Ken Livingstone is spearheading a move to ensure that "the vast majority" of new homes in London are powered by solar panels under new proposals which come into force next month.
The policy, which has dismayed housebuilders alarmed at the cost, is contained in the London Plan which outlines planning rules for local authorities. It will be signed off by the Government next month.
About 16,000 homes are built in the capital each year. The proportion that will have to have solar or photovoltaic panels will be specified later this year. The Mayor of London is a keen supporter of renewable energy and has installed photovoltaic panels on the roof of his home in Cricklewood, north London.
He told the magazine Building Design: "We need to introduce more photovoltaics and we will issue guidance to developers. It would be ridiculous if the vast majority didn't have solar panels or photovoltaics."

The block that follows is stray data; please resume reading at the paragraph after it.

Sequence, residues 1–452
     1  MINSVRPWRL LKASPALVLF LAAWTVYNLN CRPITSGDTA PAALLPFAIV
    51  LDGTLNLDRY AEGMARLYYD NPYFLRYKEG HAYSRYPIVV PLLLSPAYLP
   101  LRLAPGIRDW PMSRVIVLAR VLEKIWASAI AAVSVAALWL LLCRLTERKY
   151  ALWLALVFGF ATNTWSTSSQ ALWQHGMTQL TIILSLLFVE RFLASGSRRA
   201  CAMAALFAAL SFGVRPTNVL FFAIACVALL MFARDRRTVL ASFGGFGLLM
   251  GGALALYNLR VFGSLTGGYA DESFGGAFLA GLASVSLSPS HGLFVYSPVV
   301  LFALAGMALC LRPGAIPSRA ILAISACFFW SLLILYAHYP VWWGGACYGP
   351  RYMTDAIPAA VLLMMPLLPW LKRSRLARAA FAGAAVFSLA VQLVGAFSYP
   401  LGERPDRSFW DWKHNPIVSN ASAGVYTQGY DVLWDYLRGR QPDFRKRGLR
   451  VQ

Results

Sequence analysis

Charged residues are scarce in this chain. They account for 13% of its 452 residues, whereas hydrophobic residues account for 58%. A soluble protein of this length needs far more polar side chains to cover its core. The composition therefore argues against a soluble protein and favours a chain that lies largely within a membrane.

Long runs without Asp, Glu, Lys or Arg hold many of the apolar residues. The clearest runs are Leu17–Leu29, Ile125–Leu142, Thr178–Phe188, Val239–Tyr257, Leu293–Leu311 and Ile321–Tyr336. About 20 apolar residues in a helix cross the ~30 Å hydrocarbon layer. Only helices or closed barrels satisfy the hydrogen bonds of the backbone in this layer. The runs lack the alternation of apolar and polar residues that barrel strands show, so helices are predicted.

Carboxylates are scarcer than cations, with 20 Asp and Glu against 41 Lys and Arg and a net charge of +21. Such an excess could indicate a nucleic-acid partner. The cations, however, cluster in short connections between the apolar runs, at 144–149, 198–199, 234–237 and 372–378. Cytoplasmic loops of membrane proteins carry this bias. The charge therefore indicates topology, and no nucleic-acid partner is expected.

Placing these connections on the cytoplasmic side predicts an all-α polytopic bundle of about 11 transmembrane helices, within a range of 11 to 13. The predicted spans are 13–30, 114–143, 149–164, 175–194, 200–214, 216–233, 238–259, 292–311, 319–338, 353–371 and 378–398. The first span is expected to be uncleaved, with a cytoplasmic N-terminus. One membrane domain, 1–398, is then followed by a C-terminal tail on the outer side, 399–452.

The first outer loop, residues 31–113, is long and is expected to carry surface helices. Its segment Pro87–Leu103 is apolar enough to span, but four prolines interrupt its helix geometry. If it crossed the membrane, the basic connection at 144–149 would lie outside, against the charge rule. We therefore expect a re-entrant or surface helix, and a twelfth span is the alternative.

The World Wild Fund for Nature has released data showing that Britain's leading housebuilders are failing to employ best practice in sustainability. Although Countryside Properties and The Berkeley Group scored more than 70 per cent, leading firms such as George Wimpy, Barratt Developments and Wilson Bowden scored less than 30 per cent.
Architects gave Mr Livingstone's plans a cautious welcome. Steve Proctor, of Proctor and Matthews, said: "Somebody has to push it forward so it becomes cost-effective."
But Pierre Williams, a spokesman for the House Builders Federation, said increased costs would exacerbate affordable housing shortages and that money should be spent instead on improving the efficiency of old housing stock. He added: "This will be a more visible than effective method of energy conservation."
Mr Livingstone said: "I have done this on my own roof, so all day long I am giving energy back to the national grid. I am doing it to work out some of the snags [with using solar energy]."
- More about:
- Labour Party